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  • Co-Chair of the Economic Programme Oversight Committee (EPOC), Mr. Richard Byles, has credited improved tax compliance measures for tax revenues surpassing the budget for the second month in October.
  • For October, tax collections continued to outperform the budget by $6.8 billion, recording $29.3 billion more than last year.
  • The tax categories with the best performance were Tax on Interest, $3.4 billion better than the budget; Sales Consumption Tax at $3.4 billion more, General Consumption Tax at $1.8 billion more and Company Tax at $1.7 billion over the budget.

Co-Chair of the Economic Programme Oversight Committee (EPOC), Mr. Richard Byles, has credited improved tax compliance measures for tax revenues surpassing the budget for the second month in October.

At his monthly press briefing, held at the Sagicor Life Jamaica head office, in New Kingston, today (December 10), Mr. Byles said revenues for the first seven months of the fiscal year were $3 billion, which was 1.2 per cent ahead of the Government’s Economic Reform Programme’s target.

For October, tax collections continued to outperform the budget by $6.8 billion, recording  $29.3 billion more  than last year.

“In the same way that we are critical of the tax authorities when they are not collecting the tax, I think we should congratulate them for doing so a second month in a row,” he said.

The tax categories with the best performance were Tax on Interest,  $3.4 billion better than the budget; Sales Consumption Tax at $3.4 billion more, General Consumption Tax at $1.8 billion more and Company Tax at $1.7 billion over the budget.

Mr. Byles said that companies, generally, are doing better than last year, noting that collection of Company Tax is $2.8 billion better than the previous year.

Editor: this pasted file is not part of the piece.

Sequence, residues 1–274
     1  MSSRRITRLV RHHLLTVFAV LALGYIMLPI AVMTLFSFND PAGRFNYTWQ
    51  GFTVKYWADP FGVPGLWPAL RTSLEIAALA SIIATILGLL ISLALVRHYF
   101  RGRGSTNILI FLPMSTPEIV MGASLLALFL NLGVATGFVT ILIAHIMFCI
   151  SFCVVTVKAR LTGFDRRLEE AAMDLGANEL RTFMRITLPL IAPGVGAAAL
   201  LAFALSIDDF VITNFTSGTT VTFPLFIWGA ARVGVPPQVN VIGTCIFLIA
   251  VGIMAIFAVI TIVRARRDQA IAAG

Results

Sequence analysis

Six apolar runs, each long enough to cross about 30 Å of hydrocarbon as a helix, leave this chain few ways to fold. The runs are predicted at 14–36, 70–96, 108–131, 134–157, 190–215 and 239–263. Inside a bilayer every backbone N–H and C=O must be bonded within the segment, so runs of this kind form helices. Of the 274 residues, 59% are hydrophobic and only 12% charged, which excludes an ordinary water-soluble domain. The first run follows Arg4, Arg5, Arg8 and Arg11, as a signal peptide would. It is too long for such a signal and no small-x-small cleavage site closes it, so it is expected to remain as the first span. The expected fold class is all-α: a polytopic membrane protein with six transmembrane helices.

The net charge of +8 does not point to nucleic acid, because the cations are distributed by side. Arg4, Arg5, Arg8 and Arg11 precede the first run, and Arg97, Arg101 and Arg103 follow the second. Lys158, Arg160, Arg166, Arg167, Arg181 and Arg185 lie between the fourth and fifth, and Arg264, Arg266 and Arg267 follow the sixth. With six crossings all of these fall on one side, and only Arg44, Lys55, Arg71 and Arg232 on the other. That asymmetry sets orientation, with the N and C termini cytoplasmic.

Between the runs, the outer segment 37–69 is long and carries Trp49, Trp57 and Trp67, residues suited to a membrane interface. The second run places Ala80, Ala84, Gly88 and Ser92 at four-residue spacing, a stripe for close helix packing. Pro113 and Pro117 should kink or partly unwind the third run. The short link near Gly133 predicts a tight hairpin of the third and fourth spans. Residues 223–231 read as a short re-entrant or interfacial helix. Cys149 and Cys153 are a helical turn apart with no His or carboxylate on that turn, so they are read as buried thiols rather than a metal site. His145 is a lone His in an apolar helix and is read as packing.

Meanwhile, he said the two quantitative performance criteria of Primary Surplus Balance and Net International Reserves (NIR) have considerably surpassed their targets in October and November. Measured against the Government’s budget, the country produced a primary surplus of $53.8 billion, which is 21 per cent ahead of the budget of $44.3 billion for the fiscal year to October.

At the end of November, the NIR stood at US$2.34 billion, ahead of the International Monetary Fund (IMF) target of US$1.5 billion for the end of December.

Mr. Byles said estimates from the Planning Institute of Jamaica (PIOJ) indicate that the economy grew by 1.5 per cent for the third quarter ending September 2015. This follows  growth of 0.4 per cent and 0.6 per cent recorded for the first and second quarters. Improvement was shown in the Agricultural sector of 3.3 per cent; Manufacturing , 9.7 per cent and Construction, 0.8 per cent.

“What I like about these figures is that generally, it’s growth right throughout the sectors,” he said.

Mr. Byles  expressed confidence that Jamaica will comfortably achieve the December primary surplus targets, especially given the likelihood of a reduction in the requirement from 7.5 to 7.25 per cent by the IMF Board.

“Generally I would say that the fiscal accounts look pretty solid. They look like they can meet the budget and can meet the targets with the IMF agreement. That the trade deficit is closing up and the current account deficit is closing, is also a very big positive, and that economic growth is gaining momentum, is very heartening to see and we are hoping we will see that in the December quarter too,” Mr. Byles said.

He said the figures indicate that Government’s Economic Reform Programme is “very much on track” and is having a positive effect on economic growth.